Written laws, Acts or Statutes enacted by Parliament give the NMRA the power to control medicines. Regulations prepared under the authority of an Act (the Enabling Act) provide details of how regulatory functions are to be carried out. Based on the legislation, guidelines are needed to interpret the legislation and to advise on how to comply with a regulation. The legal framework should allow effective implementation and provide adequate powers to the NMRA. Legislation should cover all products for which medicinal claims are made, as well as related manufacture and trade activities, in the public and private sectors. Countries should update their medicines legislation and regulations regularly to reect national realities and to address new pharmaceutical issues as they arise [1].

KEY FINDINGS (SEE ANNEX 2 FOR DETAILS)

+ Seventeen of 26 NMRAs (65%) had the mandate to control veterinary medicines. In four countries veterinary medicines were controlled by another Ministry, such as the Ministry of Agriculture or Livestock. + Eighteen of 26 NMRAs (69%) had some policy or provisions to deal with traditional or herbal medicines, eleven of these registered traditional or herbal medicines, another two3 were about to start doing so. NMRAs in eleven countries4 (42%) regulated a wide scope of products, which included foods, poisons, pesticides, bottled water, cosmetics and/or animal food supplements. In seven countries5, the NMRA was involved in designing and implementing national medicines strategies, implementing legislation or coordinating public sector medicines supply; in one case a clearly distinguished unit was in charge of policy issues.

KEY FINDINGS (SEE ANNEX 2 FOR DETAILS)

+ In most countries, legislation had evolved over many years. The enabling act for medicines regulation was enacted later than 2000 in only three countries. In many countries, the way in which the legal and explanatory texts were drafted affected the efciency of medicines regulation. Successive regulations and decrees created a complex legal framework with overlaps and grey areas. Regulations for specic regulatory functions were missing in some countries, especially where a transformation process of the NMRA was taking place.

Organizational forms
The choice of a specic organizational form will have an impact on the autonomy, visibility and accountability of an NMRA. These factors can in turn affect the organizations efciency in medicines control.

3 4 5

Country 02, Country 16 (no regulations yet) Countries 02, 03, 04, 11, 12, 14, 16, 19, 23, 24, 26 Countries 01, 09, 13, 17, 18, 22, 23; in Country 15 policy activities and regulatory functions were carried out by different organizational units of the NMRA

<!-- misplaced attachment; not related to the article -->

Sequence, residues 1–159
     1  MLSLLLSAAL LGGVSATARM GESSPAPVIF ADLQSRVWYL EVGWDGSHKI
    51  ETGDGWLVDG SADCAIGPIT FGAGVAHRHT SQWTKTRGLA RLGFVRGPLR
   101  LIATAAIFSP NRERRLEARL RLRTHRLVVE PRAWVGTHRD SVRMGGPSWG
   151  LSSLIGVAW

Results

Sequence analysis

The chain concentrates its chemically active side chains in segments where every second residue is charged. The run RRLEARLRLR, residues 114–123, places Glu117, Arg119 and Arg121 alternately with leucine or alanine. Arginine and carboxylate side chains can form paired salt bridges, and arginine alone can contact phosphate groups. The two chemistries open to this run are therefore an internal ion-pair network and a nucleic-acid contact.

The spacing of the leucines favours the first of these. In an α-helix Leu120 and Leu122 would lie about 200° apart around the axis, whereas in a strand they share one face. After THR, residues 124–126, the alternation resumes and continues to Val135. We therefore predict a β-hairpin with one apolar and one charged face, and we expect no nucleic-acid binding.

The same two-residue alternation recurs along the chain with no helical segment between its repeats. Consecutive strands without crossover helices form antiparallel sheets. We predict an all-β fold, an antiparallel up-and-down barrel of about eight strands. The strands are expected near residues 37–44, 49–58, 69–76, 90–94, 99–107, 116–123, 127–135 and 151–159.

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One central authority should be accountable for the overall effectiveness of medicines regulation. It should have the legal power from government to acquire and use resources, recruit and dismiss staff, and make independent decisions.

Regulatory functions
The responsibilities assumed by the authority should cover all medicines regulatory functions and should be performed in a balanced fashion. If functions are distributed between different authorities, either horizontally (e.g. ministry of health, ministry of agriculture) or vertically (federal, state/regional and local governments), a central coordinating body should be accountable for all aspects of medicines regulation in the country [1].

KEY FINDINGS (SEE FIGURE 2 AND ANNEX 2 FOR DETAILS)

Historically, most NMRAs in Africa started out as departments under the Ministry of Health. Organizations of this type have little autonomy. They cannot recruit their own staff, nor can they offer adequate salaries to attract and retain qualied experts. With the maturation of regulatory systems, some countries are moving away from this model, and are establishing their NMRAs as autonomous bodies or as centralized parastatal agencies with their own management structures. Seventeen of 26 authorities (65%) were departments of the Ministry of Health, with very little or no autonomy to manage their own funds and human resources. Seven NMRAs (27%, including four departments of MoH and two autonomous bodies) were in transition or not formally constituted at the time of the visit.
FIGURE 2: LEGAL FORMS OF NMRAS AT TIME OF VISIT

KEY FINDINGS (SEE FIGURES 3A AND 3B, AND ANNEX 2 FOR DETAILS)